DSG executive vice president Sanka doles out advice for freshmen
Junior Abhi Sanka will work to enact his vision as this year’s Duke Student Government executive vice president. Sanka has served for two years as a DSG senator for residential life and served as chair of the Senate Judiciary selection process and a member of the Rules Committee. When elected in the uncontested race for EVP in March, Sanka said one of his biggest goals was to strengthen the connection between DSG and the student body, in particular by increasing campus dialogue about legislative issues. The Chronicle’s Carleigh Stiehm sat down with Sanka to discuss what else he hopes to accomplish this year as DSG executive vice president.
The Chronicle: If you could say anything to the incoming freshmen, what would it be?
Abhi Sanka: Stay grounded. It can be very easy to get lost in the Duke bubble. If you are a member of the Class of 2018, be prepared for an inundation of advice, tips, "do-thises" and "don’t-do-thises" when you arrive on campus from administrators, RAs, FACs, upperclassmen, to fellow first-years and everyone in between. When navigating these well-intentioned but sometimes conflicting influences, take a moment of introspection and touch base with the path which brought you to Duke. Call home or check in with high school friends. Sometimes the best way in figuring out how to move forward is to look back.
TC: What is the first thing you want to see done in DSG next year?
AS: As executive vice president, my chief responsibility is to oversee how we function as an organization. As student government representatives, our responsibility is to identify problems within the Duke community and fill these spaces with policies or programs which can improve the undergraduate experience. One thing I would like to see is more data infused into this process. It would be useful to have a unit within DSG focused on building an evidence base for our policy discussions by collecting data and producing reports on the issues which seem to persist year after year on campus—sort of like a FiveThirtyEight for DSG. My hope is that we attract a different set of data-driven, quantitatively-oriented students into the policymaking process by establishing this unit.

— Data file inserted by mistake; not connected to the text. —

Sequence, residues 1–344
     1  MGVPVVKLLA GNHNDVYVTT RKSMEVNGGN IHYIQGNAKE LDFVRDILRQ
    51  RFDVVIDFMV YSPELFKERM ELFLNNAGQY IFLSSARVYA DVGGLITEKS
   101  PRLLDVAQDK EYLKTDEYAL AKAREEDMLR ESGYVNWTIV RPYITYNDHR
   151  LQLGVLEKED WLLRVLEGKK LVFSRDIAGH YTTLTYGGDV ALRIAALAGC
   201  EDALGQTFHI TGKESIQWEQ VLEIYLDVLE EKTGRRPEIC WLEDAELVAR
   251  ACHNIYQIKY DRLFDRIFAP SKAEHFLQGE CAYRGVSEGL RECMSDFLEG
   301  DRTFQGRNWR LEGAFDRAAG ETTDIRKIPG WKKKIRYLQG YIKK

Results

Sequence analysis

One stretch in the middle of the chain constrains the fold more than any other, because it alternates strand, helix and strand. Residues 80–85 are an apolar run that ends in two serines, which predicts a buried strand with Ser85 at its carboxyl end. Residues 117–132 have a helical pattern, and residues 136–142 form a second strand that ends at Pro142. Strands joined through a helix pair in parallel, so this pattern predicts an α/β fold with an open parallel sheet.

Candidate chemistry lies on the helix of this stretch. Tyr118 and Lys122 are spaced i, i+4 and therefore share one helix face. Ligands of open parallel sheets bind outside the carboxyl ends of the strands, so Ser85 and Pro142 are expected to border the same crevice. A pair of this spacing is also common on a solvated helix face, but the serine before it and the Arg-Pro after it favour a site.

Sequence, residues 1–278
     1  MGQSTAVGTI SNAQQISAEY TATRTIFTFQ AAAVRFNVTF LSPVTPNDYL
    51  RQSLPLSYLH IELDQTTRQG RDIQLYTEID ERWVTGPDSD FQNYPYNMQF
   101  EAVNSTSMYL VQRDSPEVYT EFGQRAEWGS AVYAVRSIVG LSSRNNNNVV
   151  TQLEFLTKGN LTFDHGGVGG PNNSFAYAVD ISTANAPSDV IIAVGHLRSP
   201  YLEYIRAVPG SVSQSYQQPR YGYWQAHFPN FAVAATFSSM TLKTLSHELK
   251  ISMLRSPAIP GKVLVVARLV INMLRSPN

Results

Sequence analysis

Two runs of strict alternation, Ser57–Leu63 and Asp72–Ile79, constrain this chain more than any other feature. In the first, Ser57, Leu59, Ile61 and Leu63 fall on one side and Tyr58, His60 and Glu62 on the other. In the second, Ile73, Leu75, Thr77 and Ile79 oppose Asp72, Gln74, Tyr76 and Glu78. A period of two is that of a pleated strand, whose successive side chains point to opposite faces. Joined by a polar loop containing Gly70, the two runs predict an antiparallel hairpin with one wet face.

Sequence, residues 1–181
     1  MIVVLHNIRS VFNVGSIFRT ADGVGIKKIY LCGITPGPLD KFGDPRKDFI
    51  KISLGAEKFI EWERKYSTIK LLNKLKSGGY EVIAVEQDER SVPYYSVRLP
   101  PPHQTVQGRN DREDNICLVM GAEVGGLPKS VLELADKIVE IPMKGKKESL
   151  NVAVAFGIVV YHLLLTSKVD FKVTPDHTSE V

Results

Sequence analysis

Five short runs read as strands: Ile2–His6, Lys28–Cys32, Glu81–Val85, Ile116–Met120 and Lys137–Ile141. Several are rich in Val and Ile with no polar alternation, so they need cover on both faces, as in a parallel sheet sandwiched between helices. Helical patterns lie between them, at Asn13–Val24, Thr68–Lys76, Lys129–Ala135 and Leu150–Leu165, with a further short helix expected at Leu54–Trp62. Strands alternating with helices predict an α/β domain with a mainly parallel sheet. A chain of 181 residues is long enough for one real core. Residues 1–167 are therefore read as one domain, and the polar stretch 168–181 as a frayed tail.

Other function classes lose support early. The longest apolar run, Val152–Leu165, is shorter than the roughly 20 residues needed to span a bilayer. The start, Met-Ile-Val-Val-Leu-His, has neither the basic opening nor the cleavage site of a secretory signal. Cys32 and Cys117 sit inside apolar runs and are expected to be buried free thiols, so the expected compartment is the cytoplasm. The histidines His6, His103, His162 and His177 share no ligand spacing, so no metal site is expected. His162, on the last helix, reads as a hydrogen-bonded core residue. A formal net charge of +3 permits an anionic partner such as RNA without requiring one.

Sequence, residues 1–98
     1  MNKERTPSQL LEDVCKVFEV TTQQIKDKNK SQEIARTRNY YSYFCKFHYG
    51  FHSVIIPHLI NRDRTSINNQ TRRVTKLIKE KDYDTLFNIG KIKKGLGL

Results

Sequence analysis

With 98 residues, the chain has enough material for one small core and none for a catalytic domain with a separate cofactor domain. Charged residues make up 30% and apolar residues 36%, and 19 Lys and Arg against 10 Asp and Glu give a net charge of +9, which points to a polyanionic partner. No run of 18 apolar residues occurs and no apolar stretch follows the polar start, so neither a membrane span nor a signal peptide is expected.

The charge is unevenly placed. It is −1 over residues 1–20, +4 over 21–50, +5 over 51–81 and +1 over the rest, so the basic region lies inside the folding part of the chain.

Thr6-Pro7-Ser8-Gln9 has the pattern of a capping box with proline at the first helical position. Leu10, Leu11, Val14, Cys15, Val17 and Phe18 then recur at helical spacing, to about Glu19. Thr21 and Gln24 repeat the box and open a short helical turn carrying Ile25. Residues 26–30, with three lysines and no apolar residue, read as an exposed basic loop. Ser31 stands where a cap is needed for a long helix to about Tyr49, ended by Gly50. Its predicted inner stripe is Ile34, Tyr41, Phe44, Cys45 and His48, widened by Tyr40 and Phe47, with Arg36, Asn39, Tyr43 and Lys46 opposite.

TC: What so you see some of the biggest challenges facing DSG being?
AS: In recent years, we’ve made some great strides in how we reach out to and solicit feedback from the student body through Fix My Campus, a revamped website, and a series of articles through The Chronicle. Engaging the student body in campus issues, remains, however, our biggest challenge. Ensuring that our student government is fully representative of all parts of the student body can also sometimes be a challenge.
TC: What are you most excited about going into the new year?
AS: I am really excited about what the Class of 2018 has to offer. Every year we get a fresh crop of student leaders looking to make their mark on campus, and I am really looking forward to working with them next year. Student government is home to all types of campus leaders, and if you’re a first-year looking to make an impact on campus, definitely consider running to be a senator in student government in the fall.
TC: Were there any issues brought up in DSG that you would like to see again next year?
AS: Perhaps the biggest campus-wide issue last year was how the portion of the student activities fee, which DSG has control over, should be allocated. Discussion and debate over that issue unfortunately boiled down to being for or against one particular plan which was up for referendum, but I think it’s worth revisiting whether there are ways we can be more efficient and/or better capture student desire in allocating the student activities fee. There was also momentum behind strengthening the independence of the Judiciary at the end of the year, and I’m interested in reform there.
TC: What else do you think students should be aware of before we start the new year?
AS: We’re always open to suggestions, and our door is always open. DSG is the student body’s means for agency in advocating for student needs to the administration and we’re committed to keeping DSG open, accountable and legitimate in doing our job.